HK bus drivers need far more rigorous training
The tragic death of a taxi driver on Sunday raises many questions ("Taxi driver killed in flyover plunge", September 10).
Why was the low wall at the side of the flyover not strong enough to keep the taxi on the road, even if he crashed into it? The dreadful death toll a few years ago, when a double decker bus plunged off a flyover in Tuen Mun, could also have been prevented had the roadside crash barriers been high and strong enough to keep it on the road.
Did the poor taxi driver collapse or fall asleep at the wheel?
Cabbies have in the past been criticised for careless driving. However, when we consider the level of safe driving of those with scores of lives in their hands, as they drive a public service bus, surely higher standards of driving care are to be expected?
While such higher standards may be expected, too few of Hong Kong's bus drivers deliver, to the shame of the bus companies that employ them, and this is hazardous for the travelling public.
I recently observed two traffic accidents here, caused when one bus crashed into another one.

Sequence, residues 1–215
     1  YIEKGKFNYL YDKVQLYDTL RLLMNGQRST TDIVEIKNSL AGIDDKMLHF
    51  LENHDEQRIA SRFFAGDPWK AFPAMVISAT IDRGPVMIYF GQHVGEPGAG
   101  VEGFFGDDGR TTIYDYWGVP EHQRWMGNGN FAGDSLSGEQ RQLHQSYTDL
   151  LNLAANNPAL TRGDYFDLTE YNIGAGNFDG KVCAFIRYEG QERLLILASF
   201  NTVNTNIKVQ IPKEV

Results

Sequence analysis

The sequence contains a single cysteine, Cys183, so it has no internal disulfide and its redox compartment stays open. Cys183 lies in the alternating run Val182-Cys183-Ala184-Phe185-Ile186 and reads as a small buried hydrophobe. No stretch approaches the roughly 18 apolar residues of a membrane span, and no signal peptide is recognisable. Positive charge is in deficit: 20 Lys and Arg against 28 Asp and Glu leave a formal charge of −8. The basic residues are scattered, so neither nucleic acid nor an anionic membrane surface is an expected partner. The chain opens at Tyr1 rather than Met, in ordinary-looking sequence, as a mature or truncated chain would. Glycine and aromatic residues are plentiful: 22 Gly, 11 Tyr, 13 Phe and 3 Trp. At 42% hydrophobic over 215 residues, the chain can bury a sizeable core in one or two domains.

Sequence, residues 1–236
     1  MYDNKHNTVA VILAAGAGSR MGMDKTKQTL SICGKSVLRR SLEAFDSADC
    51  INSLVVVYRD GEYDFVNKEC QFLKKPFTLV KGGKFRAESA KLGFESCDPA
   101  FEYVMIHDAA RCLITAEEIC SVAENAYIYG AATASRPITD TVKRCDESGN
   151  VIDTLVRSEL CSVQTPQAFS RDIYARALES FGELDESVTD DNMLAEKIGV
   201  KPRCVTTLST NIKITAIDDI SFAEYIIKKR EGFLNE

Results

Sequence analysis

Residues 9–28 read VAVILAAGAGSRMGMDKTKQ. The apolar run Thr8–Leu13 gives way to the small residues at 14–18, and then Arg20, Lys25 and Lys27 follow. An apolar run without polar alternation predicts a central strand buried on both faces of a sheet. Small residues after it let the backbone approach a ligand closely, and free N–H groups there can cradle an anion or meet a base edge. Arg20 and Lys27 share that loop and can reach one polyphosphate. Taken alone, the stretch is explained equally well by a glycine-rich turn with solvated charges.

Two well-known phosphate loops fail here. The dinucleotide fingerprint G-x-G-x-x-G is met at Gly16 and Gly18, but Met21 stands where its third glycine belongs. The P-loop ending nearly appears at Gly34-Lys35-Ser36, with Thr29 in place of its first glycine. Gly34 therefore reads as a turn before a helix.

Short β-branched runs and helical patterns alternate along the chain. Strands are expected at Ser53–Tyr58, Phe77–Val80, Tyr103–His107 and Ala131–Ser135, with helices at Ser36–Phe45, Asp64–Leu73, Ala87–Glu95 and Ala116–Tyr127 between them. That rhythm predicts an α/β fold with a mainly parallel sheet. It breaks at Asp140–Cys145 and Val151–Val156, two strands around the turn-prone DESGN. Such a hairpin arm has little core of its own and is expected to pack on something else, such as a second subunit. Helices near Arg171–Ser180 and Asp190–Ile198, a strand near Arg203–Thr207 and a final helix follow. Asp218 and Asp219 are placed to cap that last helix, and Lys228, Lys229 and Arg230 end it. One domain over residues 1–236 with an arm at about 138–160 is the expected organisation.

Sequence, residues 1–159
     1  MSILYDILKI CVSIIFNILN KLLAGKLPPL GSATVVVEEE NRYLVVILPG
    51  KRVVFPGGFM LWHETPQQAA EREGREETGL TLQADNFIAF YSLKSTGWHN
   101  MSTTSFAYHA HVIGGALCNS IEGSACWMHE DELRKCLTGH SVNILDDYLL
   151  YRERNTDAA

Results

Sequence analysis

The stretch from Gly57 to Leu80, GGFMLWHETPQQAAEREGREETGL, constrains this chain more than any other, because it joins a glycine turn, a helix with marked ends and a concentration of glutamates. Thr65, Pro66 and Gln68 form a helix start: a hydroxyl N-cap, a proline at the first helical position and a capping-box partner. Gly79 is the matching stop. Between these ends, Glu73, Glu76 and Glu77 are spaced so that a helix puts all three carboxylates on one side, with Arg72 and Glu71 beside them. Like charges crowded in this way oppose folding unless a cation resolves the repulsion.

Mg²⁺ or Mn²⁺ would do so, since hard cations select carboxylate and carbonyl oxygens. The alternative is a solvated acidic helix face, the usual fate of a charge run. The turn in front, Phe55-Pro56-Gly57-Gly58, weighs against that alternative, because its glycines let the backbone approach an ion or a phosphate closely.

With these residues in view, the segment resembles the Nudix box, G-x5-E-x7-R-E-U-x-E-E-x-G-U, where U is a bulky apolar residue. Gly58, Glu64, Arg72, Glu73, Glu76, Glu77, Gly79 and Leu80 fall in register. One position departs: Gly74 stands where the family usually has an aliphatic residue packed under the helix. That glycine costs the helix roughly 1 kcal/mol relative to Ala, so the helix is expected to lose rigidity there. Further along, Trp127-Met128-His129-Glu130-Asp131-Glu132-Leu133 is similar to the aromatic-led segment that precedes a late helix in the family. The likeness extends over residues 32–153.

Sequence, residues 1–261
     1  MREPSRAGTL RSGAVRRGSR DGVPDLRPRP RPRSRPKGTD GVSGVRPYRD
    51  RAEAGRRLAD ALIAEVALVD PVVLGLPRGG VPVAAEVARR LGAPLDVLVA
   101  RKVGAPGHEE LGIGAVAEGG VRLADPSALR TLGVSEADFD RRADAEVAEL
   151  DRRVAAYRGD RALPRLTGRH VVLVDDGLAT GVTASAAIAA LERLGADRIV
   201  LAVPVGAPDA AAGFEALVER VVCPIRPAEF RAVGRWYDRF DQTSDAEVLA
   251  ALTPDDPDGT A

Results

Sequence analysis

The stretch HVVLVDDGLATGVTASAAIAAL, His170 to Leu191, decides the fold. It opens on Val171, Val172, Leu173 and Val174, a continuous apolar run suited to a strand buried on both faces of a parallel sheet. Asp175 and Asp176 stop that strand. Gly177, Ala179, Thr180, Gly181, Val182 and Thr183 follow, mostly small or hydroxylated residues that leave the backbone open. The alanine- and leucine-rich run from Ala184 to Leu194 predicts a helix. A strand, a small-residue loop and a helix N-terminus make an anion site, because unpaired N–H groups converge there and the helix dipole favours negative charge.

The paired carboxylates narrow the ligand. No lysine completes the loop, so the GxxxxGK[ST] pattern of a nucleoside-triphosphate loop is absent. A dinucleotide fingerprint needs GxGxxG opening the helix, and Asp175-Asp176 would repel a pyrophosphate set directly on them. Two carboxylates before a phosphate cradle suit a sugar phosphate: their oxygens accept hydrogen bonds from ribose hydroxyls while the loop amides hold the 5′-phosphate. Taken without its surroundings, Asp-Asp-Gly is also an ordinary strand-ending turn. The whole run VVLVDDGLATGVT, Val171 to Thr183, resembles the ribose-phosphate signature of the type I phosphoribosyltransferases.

Public bus drivers should adhere to the highest international standards, and be trained to be very cautious road users, avoiding taking the least risk with the lives of the many passengers which rest in their hands.
Clearly, one bus crashing into another indicates that at least one of the drivers was taking an unacceptable risk as he manoeuvred his vehicle.
Too few of Hong Kong's bus firms take enough trouble to train their drivers so they adhere to safe and comfortable techniques for their large vehicles.
That many are driven far too fast is another aspect of the problem.
Then there is the passenger comfort issue. A bus is not transporting a lorry-load of cabbages.
Passenger comfort is seldom considered as many bus drivers swerve unexpectedly, come to too-sudden halts, apply brakes on-and-off while going slowly, accelerate too quickly and take other inconsiderate actions which leave passengers, especially those standing, feeling as if they are swaying on a ship in rough seas.
Specific training (for example, apply brakes gently, other than in an emergency) of drivers, on how to make a comfortable ride for their passengers, is either not given here or is ineffective.
The millions of Hongkongers who travel on the buses every week would appreciate training that emphasised safety and passenger comfort.
Paul Surtees, Mid-Levels